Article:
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Protests: There is a time and a place

Blog by Allan Cummings

CandH blogger Allan Cummings gives his views on planned protests 

If you’ve been stuck in your vehicle corralled amongst the miles of traffic backed up on the M25 at various locations in recent days, your view of protests and protesters would probably best not be aired on a civilised, non-abuse forum like Claret and Hugh. Of course, everyone has a right to protest – to voice their grievances, state their opposition, say their piece. But there’s a time and a place to do that – and getting the timing right is surely paramount to making your point and getting your message across for any protest.

Which is why for the life of me I cannot understand why some of our supporters would feel the time is right for continuing their historic protests against the West Ham United board. I say ‘historic’ because much of what I see they are protesting about is history itself. Our heritage ignored, our home destroyed, our community left behind – all noble phrases but with distinct references to the past – what has gone – what is behind us now – whether we like it or not. Surely it’s the future of our club that’s most important to us all now!

There was a new protest originally planned to take place before the Manchester United game on Sunday. But that’s been cancelled for some reason or other and moved to October and the home game against Brentford. Personally, I find it incredible that any protest right now – next Sunday or in a few weeks’ time – can possibly be seen as helpful to what David Moyes and his team are doing at this point in time for this football club. Any protest will attract attention – it’s what protests are designed to do. But by drawing attention to themselves aren’t the protesters diverting attention from the team and the team’s current achievements. Surely that’s the last thing Moyes and his players deserve right now.

Billy Bonds is on record as saying the protests over the Bond scheme during his tenure had a profound effect on him and his players at the time. Why would he say that if he didn’t believe it was true then? Is that what we want to happen again now? An unwanted diversion? The same could be said about the haphazard, ill-timed and frankly amateurishly handled ‘take over’ bid. But that’s another story.

No one would deny there have been issues with the board in the past, and for some that resentment and anger will always remain – but in recent times improvements in relations have been made, and continue. No fanbase is entirely happy with their board – it’s a football thing – fans always want more from their owners. But are staging protests when things are clearly improving, on and off the pitch, the right thing to do?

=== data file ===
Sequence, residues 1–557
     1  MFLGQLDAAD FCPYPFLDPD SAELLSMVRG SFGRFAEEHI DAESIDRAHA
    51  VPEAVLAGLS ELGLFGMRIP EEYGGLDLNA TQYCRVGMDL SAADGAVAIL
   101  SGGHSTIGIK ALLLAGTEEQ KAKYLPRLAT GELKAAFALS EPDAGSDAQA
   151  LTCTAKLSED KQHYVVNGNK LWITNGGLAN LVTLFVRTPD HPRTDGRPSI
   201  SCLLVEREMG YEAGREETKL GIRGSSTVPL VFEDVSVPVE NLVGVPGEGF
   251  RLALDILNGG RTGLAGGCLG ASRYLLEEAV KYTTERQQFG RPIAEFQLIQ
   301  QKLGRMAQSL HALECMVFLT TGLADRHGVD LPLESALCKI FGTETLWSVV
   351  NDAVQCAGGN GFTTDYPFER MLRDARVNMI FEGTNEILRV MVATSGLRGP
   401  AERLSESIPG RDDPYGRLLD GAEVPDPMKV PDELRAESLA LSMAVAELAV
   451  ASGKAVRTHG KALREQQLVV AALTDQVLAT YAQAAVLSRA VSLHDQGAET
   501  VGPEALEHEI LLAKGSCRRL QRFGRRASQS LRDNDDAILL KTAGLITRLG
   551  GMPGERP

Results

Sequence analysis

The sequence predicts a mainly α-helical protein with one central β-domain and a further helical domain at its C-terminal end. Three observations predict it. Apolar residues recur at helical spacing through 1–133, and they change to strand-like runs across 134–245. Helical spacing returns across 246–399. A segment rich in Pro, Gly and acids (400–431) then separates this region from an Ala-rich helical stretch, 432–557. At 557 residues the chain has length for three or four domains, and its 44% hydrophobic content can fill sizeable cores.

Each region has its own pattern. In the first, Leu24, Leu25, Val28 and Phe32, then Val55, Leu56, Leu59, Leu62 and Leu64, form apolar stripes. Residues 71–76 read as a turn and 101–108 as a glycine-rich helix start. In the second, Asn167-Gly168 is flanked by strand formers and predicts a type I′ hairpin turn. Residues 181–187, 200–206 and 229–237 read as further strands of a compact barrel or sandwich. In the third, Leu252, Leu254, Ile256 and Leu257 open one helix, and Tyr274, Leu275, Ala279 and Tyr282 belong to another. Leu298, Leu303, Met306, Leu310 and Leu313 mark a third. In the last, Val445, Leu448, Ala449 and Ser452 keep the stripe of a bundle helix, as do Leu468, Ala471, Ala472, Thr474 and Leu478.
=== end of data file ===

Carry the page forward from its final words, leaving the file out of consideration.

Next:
We finished a magnificent sixth in the Premier League last season. We have got off to a highly encouraging start this season. We’ve just produced a performance and a victory in Europe that’s had fans and commentators alike drooling. Supporters of other clubs must be looking on and thinking what have West Ham fans got to protest about right now? And they’d be right!

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About Sean Whetstone

I am Season Ticket Holder in West stand lower at the London Stadium and before that, I used to stand in the Sir Trevor Brooking Lower Row R seat 159 in the Boleyn Ground and in the Eighties I stood on the terraces of the old South Bank. I am a presenter on the West Ham Podcast called MooreThanJustaPodcast.co.uk. A Blogger on WestHamTillIdie.com a member of the West Ham Supporters Advisory Board (SAB), Founder of a Youtube channel called Mr West Ham Football at http://www.youtube.com/MrWestHamFootball, I am also the associate editor here at Claret and Hugh. Life Long singer of bubbles! Come on you Irons! Follow me at @Westhamfootball on twitter

3 comments on “Protests: There is a time and a place

  1. A time and a place .

    If they stopped protesting now ( given recent success on the pitch ) you would call them fairweather, nothing to say when the going is good. Where are the board out mob now ?

  2. You expect protests in bad times but not in the good times. Protesting now will have the opposite effect and turns fans against them in my opinion.

  3. I thought the whole idea of protests was to effect change in the club. It would seem that the club is indeed changing, and for the better. Or doesn’t that really matter?

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